Iranian artists working in this country possess unique challenges, including the responsibility of cultural exchange and diplomacy with the ignorant or uninitiated. At The Iranian, we’ve discussed and spoken with a number of artists whose activism involves an interrogation of history; arguably, this is no more evident than with women artists. Sheida Soleimani, a professor at Brandeis University and a contemporary artist, leverages photographs, collage, digital editing techniques, and her survivor’s heritage as activism through her art.
Soleimani was born in Iran, but her father was a political activist contesting the Ayatollah’s regime, responsible for her mother being imprisoned and tortured. This resulted in a move to Cincinnati, where she grew up, though clearly informed by the narrative of her mother’s incomprehensible suffering and strength: “My maman would draw me pictures of her prison cell and tell me bedtime stories about her life during the revolution.” In the process of unearthing these real life stories of death, captivity, and torture, Soleimani used online forums, the dark web, and other resources to depict these victims in her unique style, which skewers, duplicates, and violently contorts images, creating strangely moving and disturbing transfigurations of real people—it’s possibly a reconsidered, reclaimed concretion and magnification of their suffering.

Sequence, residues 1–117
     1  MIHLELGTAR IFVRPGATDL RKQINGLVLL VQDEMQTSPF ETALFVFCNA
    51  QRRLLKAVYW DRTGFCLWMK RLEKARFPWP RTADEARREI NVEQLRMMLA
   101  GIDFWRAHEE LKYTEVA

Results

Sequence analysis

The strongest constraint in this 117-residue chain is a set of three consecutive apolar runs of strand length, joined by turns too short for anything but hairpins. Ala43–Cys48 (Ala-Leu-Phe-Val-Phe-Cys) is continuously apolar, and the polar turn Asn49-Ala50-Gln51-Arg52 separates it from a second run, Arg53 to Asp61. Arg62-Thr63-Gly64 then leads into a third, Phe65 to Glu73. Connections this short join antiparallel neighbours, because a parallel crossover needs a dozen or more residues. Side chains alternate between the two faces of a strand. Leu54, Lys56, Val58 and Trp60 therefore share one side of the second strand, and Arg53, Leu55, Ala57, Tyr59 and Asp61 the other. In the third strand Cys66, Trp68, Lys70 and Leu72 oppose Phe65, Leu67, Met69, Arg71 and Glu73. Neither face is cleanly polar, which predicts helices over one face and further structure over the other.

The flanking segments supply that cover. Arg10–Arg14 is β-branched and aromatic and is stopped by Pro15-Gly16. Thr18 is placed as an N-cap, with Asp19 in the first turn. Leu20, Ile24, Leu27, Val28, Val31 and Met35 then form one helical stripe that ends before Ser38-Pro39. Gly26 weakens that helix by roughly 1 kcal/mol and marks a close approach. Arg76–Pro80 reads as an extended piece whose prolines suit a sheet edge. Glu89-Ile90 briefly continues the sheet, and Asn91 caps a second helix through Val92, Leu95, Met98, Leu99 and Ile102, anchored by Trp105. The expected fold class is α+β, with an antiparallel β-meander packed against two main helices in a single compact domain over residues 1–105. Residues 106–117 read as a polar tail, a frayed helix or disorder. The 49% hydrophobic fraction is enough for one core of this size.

The messaging and symbolic details may be complex, but experiencing her art is a visceral and immediate event, prompting something of the universal: “To see an image and deconstruct it through your own ideologies opens up the possibility for more global communication.”
Though disturbing, work like Soleimani’s attempts to give a voice to the voiceless, translating a deeply personal lineage of pain into an effective platform, one that now includes collaborations with publications and zines like Zine Zone, for which she designed last September’s release for a PS1 event. The cruelty and totalitarian methods that sought to foster silence now only makes Soleimani’s work even louder.
You can find a large collection of Soleimani’s work on her website, here.
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